INTRODUCTION

WHY IS METAPHOR IMPORTANT?

Common-sense traditional teaching often presents metaphor as an anomaly, an unusual or deviant way of using language, a minority interest, or something you do in literature class. Taking a similar view, philosophers have often wanted metaphor strictly confined to literature, rhetoric and art, because of its supposed dangers to clear thinking. Locke, for example, denounced figurative language as follows:

But yet, if we would speak of things as they are, we must allow that… all the artificial and figurative application of words eloquence hath invented, are for nothing else but to insinuate wrong ideas, move the passions, and thereby mislead the judgment, and so indeed are perfect cheat.

(Essay concerning Human Understanding, Book 3, ch. 10, p. 105)

He is explicit about the desirability of metaphorless language, and implicitly assumes the possibility of a philosophical language without metaphor.

Over the last thirty years, however, philosophers, psychologists and linguists have begun to agree that metaphor is not something that can be easily confined, but is an indispensable basis of language and thought. The quote from Locke paradoxically provides evidence for this. Arguably “move”, “mislead” and “cheat” are being used metaphorically, “eloquence hath invented” is a case of personifying metaphor, “insinuate” depends upon a metaphor borrowed from Latin, where its literal meaning is ‘work its way in, penetrate’, and literally we “allow” actions rather than propositions.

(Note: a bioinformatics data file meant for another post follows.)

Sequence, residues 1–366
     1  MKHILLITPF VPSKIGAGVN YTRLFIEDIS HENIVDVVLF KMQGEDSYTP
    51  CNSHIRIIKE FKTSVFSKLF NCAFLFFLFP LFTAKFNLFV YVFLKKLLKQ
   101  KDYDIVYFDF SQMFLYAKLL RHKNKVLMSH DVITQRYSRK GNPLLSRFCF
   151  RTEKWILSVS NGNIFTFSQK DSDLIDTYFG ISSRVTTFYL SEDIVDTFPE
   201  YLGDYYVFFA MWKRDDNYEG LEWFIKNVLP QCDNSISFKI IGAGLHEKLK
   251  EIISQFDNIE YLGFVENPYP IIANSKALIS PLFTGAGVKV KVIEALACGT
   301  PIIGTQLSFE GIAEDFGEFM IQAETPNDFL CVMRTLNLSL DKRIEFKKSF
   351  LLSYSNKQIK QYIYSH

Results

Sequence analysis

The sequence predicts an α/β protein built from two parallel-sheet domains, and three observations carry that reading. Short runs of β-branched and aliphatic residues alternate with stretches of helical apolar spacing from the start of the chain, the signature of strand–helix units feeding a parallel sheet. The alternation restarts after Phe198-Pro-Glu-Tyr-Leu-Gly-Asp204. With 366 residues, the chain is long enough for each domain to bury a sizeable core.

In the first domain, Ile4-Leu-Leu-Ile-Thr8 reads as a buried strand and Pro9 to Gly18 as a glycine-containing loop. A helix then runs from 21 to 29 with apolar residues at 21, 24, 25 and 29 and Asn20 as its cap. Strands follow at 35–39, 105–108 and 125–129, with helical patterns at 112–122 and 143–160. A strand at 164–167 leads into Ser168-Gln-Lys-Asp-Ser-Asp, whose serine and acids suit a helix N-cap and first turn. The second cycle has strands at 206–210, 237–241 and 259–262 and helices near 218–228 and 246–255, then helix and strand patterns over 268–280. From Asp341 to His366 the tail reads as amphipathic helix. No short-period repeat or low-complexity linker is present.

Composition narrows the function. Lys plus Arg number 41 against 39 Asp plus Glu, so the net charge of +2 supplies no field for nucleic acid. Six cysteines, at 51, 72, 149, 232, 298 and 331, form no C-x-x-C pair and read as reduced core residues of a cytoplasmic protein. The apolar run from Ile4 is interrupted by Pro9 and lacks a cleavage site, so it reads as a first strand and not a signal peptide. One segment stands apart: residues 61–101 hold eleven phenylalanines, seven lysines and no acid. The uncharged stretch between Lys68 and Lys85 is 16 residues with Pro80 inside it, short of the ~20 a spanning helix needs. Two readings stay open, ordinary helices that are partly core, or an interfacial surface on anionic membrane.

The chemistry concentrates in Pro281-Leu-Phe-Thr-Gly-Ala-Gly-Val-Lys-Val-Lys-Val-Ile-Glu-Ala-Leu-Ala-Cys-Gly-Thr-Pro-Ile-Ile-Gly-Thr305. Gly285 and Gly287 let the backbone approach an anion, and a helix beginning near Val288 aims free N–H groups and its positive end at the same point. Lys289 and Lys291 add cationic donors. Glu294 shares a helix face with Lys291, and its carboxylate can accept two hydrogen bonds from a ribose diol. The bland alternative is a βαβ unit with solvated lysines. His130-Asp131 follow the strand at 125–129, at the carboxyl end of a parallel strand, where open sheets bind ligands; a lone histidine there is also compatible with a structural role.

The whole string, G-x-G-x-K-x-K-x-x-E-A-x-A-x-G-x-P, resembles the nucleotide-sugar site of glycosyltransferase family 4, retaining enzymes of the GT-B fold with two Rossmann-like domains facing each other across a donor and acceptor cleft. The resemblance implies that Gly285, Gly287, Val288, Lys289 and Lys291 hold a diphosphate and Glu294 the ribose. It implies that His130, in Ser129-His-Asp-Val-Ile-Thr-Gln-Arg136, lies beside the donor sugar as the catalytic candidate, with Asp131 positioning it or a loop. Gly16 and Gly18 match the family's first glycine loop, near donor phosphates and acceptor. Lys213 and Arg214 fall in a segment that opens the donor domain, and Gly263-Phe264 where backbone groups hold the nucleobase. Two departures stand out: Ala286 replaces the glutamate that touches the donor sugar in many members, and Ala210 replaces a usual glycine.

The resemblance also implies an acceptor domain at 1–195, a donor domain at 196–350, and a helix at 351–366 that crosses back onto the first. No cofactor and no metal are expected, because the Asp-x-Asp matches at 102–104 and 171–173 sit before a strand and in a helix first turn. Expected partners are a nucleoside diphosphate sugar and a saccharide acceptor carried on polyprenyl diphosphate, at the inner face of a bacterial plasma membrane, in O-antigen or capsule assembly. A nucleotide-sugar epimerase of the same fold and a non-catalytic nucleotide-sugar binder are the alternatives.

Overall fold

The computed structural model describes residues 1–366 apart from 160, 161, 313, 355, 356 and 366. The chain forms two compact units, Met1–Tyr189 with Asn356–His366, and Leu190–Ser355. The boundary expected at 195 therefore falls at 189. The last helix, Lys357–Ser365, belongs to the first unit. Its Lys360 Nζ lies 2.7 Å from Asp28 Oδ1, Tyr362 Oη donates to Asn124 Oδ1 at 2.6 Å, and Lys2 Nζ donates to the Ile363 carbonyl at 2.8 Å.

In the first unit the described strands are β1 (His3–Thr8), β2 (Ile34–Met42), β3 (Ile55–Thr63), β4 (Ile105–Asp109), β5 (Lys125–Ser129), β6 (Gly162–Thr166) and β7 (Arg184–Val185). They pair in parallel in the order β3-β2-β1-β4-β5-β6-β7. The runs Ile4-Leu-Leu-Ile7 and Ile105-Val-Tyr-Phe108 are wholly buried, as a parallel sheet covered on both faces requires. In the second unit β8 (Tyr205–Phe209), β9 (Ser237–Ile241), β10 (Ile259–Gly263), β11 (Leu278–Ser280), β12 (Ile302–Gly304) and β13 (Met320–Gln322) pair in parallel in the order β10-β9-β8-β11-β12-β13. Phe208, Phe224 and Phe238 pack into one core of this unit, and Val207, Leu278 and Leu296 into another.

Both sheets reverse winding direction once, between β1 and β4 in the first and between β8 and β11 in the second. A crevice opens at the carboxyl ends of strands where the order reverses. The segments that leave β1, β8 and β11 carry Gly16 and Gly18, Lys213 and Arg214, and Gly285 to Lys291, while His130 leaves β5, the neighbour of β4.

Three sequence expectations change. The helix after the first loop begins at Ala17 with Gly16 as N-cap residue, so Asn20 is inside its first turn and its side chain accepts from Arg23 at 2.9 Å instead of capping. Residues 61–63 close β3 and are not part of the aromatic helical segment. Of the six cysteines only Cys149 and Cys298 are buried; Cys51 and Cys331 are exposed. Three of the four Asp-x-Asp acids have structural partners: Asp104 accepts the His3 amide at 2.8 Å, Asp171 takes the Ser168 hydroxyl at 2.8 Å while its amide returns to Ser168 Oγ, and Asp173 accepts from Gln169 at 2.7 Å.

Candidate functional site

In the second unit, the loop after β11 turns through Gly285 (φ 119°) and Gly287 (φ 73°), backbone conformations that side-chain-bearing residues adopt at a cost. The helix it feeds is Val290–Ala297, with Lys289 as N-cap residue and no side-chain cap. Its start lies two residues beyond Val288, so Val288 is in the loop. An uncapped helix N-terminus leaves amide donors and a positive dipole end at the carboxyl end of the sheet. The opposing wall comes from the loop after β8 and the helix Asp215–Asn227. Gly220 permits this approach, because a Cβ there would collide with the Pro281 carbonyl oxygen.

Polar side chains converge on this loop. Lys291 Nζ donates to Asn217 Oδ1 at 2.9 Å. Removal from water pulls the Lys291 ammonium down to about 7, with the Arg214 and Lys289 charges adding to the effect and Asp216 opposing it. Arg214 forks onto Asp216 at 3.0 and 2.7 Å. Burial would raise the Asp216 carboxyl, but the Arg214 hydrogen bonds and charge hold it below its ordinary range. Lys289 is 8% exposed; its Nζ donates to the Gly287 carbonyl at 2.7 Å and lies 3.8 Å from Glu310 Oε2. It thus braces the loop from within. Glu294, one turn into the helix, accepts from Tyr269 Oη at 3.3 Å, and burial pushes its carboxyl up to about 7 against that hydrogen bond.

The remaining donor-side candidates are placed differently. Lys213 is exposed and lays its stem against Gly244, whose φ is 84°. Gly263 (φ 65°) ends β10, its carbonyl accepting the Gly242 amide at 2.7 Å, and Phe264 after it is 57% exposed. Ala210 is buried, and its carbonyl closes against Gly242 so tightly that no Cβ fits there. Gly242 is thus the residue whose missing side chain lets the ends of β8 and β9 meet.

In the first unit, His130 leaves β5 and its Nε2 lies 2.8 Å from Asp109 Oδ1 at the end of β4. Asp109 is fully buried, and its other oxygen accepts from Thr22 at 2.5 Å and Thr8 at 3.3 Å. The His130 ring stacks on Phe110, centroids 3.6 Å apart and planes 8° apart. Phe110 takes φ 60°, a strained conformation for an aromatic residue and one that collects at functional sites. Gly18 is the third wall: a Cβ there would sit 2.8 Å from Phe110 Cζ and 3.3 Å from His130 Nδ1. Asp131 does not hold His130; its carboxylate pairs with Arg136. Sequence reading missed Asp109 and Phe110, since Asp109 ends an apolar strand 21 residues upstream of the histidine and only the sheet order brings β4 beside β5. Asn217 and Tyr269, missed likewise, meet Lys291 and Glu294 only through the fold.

If, as I believe, metaphor and the mental processes it entails, are basic to language and cognition, then a clearer understanding of its working is relevant, not just to literature students, but to any students. Flick through the index of any of your textbooks and you will find plenty of terms which are metaphorical when you stop to think about them. An economics text, taken at random off my shelves, provides in its index balance of trade,

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The Language of Metaphors
Table of contents

Table of contents

  • Title Page iii
  • Contents v
  • Illustrations ix
  • Tables x
  • Acknowledgements xi
  • Abbreviations xv
  • Introduction 1
  • 1 - Metaphorical and Literal Language 14
  • 2 - Metaphor and the Dictionary 41
  • 3 - Metaphor and the Dictionary 82
  • 4 - How Different Kinds of Metaphors Work 107
  • 5 - Relevance Theory and the Functions of Metaphor 137
  • 6 - The Signalling of Metaphor 168
  • 7 - The Specification of Topics 198
  • 8 - The Specification of Grounds 229
  • 9 - The Interplay of Metaphors 255
  • 10 - Metaphor in Its Social Context 283
  • Notes 329
  • References 335
  • Texts Used for Examples and Analysis (and Abbreviations Used in References) 342
  • Index 347
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